Atlantic-community.org invites participants in the "Your Ideas Your NATO" competition to formulate those foreign policy ideas which NATO needs in order to thrive in a new age. The issues involved in such a discussion are complex, so here we have covered the main arguments in each category and provided sources for further reading. Of course, these sources are only a beginning; many more sources are available. Follow us on Twitter for regular updates on other resources related to NATO and the competition.
Values and Community
The end of the Cold War left NATO struggling to find its purpose. Does the Alliance represent an actual bond between members or merely a defensive military organization? This question speaks directly to the values and community of the Alliance.
A true community identified as NATO, and sharing the same values, could set a strategic agenda and evolve as needed. NATO Secretary General Anders Fogh Rasmussen has stressed the ability to adapt in a changing world
Either NATO becomes a community of 'we' or is a distant organization composed of the 'other'. The question is how exactly to build such a community with shared values. Klaus-Dieter Frankenberger notes in a recent Transatlantic Academy paper that NATO faces domestic and international obstacles such as budgetary constraints and an emerging China. The question is how to revive and strengthen commitment to the Alliance in a new era.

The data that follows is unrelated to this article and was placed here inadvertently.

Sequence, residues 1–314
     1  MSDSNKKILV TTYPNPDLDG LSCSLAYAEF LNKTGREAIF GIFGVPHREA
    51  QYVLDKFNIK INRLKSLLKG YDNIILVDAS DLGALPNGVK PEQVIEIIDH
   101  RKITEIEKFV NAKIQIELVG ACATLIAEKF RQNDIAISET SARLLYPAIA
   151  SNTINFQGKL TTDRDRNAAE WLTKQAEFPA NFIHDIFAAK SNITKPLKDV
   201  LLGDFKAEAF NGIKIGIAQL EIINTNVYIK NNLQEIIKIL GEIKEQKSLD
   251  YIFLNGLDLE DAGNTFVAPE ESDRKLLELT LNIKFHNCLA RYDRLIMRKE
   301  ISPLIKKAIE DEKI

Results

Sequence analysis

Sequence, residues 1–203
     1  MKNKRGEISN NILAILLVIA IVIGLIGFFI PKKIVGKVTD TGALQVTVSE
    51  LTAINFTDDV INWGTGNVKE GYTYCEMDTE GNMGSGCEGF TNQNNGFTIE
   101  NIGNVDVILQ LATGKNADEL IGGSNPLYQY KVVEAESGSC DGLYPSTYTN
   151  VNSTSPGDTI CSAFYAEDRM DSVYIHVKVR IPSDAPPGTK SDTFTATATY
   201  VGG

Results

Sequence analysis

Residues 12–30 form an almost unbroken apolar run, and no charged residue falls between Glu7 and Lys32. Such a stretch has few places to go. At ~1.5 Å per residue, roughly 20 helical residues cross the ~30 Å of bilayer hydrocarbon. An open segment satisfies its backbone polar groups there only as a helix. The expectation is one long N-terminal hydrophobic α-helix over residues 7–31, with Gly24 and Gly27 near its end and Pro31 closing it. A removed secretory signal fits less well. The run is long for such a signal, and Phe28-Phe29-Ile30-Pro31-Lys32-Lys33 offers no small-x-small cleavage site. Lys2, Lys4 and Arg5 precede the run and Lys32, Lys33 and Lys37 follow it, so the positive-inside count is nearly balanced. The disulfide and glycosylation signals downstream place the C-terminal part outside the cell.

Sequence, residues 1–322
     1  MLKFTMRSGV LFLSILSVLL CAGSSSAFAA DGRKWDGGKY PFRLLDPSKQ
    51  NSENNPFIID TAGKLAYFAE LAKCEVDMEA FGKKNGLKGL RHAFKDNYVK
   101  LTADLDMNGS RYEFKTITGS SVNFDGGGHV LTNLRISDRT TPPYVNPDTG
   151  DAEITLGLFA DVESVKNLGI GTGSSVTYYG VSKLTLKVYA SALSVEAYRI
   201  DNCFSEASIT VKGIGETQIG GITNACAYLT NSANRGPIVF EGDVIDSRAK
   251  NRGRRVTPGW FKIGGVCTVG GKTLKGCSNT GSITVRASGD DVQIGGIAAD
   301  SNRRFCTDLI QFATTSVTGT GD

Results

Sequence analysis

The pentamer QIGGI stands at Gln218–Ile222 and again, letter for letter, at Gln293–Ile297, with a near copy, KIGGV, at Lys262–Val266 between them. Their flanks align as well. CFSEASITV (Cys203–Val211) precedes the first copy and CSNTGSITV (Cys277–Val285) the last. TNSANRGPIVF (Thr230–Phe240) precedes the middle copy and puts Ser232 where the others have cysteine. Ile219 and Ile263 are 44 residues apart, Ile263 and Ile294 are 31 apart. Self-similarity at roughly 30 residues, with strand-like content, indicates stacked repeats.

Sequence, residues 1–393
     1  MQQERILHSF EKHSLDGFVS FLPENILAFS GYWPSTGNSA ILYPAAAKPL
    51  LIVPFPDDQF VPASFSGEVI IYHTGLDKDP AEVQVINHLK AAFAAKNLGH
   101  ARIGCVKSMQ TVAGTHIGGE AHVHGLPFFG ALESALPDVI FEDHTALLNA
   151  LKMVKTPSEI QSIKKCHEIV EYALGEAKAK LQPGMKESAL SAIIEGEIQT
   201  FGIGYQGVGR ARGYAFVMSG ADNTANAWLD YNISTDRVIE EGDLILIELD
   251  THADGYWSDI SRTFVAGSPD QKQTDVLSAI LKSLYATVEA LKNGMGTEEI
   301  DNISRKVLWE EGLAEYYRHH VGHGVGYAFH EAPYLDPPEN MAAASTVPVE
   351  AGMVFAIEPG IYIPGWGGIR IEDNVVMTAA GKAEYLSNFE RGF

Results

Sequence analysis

For further reading on Values and Community see:
- Robert Haddick, This Week at War: What is NATO Good For? Foreign Policy (3 February 2012)
- Chicago Summit agenda and impact of the US shift towards Asia
- Atlantic-community.org, US and Europe: A Widening Atlantic? (29 September 2011)
- Jamie Shea, NATO Deputy Assistant Secretary General for Emerging Security Challenges, and Josef Janning, Director of Studies at the European Policy Centre, discuss a changing transatlantic alliance
- Munich Security Conference 2012, Statements: 'Building a Euro-Atlantic Security Community' (3 February 2012)